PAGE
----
Last updated: 04 January 2017
Offering voice calls at the lowest rate to subscribers – is that all it takes to attract and retain a subscriber? Thankfully, the answer is ‘no’! India’s telecom industry has one of the most competitive tariffs worldwide, resulting in substantial subscriber growth every year. Customer retention and acquisition is driven by the idea – ‘how satisfied are they from the services provided?’.
Moreover, the different service providers have encountered a varying monthly churn rate – an average of 7% with over 95% of its subscribers pre-paid. Globally, it’s been shown that acquiring a new subscriber is almost five times more expensive than retaining an existing one. And now with the launch of ‘free voice and data promo offer’ by Reliance JIO 4G, the market has entered a price war. So what’s the motivation for mobile network operators (MNOs)? Well, India’s telecom market, with a wireless subscriber base of over 1 billion, has an urban tele-density of over 150%, and has huge opportunity for growth in rural areas which only has 51% tele-density.
A sensible way to tap this potential and retain subscribers is to avoid the trap of “lowest price” and provide your subscribers the one thing they always care for: “A good Quality of Experience” (QoE)!
Currently, ‘Call Drop’ (service provider’s inability to maintain a call, either incoming or outgoing, once it has been correctly established) is a big concern for subscribers in India and the government. Wouldn’t you be ready to pay a bit extra if your service provider delivers a much better voice quality, omnipresent network coverage and uninterrupted good data speed? Yes! And that becomes the differentiator for MNOs that every subscriber is looking for.
For this to happen, MNOs need to carefully monitor and optimize their current network before investing in expanding infrastructure. They need a solution to collect Real-Time data, analyse it and present a simple customer interface. This will help MNOs to understand the mobile devices in the field and collect information on possible issues like call-drops, loss of network coverage and drop in data speed. By using this intelligence, MNOs can prioritize developing areas.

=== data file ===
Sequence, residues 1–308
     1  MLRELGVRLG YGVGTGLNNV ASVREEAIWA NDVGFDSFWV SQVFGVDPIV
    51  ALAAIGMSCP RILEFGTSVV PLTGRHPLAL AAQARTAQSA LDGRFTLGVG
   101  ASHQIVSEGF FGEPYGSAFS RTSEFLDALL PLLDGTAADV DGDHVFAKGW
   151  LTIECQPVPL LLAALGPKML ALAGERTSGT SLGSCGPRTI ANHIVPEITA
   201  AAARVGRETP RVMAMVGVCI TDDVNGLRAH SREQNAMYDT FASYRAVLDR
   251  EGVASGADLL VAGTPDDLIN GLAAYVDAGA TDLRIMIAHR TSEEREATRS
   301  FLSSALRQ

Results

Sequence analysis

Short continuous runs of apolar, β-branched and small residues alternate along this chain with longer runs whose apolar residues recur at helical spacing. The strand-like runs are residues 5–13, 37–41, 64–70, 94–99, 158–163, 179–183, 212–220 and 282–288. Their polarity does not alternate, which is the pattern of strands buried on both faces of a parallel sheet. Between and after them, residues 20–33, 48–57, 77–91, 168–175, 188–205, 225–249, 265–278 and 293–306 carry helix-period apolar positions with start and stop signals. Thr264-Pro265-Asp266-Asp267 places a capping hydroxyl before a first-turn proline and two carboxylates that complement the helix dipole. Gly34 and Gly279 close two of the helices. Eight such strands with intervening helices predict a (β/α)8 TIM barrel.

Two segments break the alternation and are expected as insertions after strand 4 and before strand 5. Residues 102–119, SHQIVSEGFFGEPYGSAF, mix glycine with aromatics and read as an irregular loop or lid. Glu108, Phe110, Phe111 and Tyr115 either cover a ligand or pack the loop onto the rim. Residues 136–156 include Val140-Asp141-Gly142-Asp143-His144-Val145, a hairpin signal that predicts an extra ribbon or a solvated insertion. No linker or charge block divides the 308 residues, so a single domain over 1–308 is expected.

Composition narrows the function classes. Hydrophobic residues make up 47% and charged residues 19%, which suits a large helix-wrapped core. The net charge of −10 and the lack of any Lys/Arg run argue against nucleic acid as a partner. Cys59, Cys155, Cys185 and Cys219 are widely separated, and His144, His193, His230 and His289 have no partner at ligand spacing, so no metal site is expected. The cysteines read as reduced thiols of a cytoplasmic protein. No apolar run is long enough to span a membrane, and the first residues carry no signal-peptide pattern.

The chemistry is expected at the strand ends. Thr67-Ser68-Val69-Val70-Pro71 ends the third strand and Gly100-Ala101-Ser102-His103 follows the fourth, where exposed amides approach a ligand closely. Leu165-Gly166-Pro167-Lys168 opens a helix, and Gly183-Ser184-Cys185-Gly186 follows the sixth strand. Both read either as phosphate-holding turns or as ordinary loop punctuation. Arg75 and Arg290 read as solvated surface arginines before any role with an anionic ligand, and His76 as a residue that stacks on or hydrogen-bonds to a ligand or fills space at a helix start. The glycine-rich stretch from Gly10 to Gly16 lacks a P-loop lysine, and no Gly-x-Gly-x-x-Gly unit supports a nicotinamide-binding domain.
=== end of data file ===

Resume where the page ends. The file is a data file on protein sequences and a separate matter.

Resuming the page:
As a subscriber, you expect a customer care executive to provide solution instantly, and not just the usual answers like: “restart your phone please” or “try again after two hours”. And this can be done, when every subscriber is treated as a unique person. With the help of the QoE solution, an executive will have true end-to-end, traffic and subscriber information across different layers. With this, s(he) can quickly identify and provide better solutions. Thus MNOs can satisfy their subscribers and have the icing on the cake, saving on such operational customer care centre costs. QoE can even be helpful for connected devices under the IoT, which is the next revenue stream for telecom service providers in India aiming to play a key role in Smart Cities.
A consumer survey shows four main pain points of smartphone users. Such users would even agree to pay premium for better Quality of Experience and Quality of Service, so they can enjoy the benefits of their expensive phones. Whether it’s a price sensitive market like India, Bangladesh, Nepal, Sri Lanka or any other developed saturated telecom market, subscribers expect ‘Quality of Experience’ from their service providers. With multiple non-voice services coming on board, it’s becoming increasingly important not only to retain and attract subscribers, but also to open more revenue streams.
What do you think about the challenges ahead for Telecom Service Providers? Please share your thoughts at @Gemalto_Asia or post a comment below.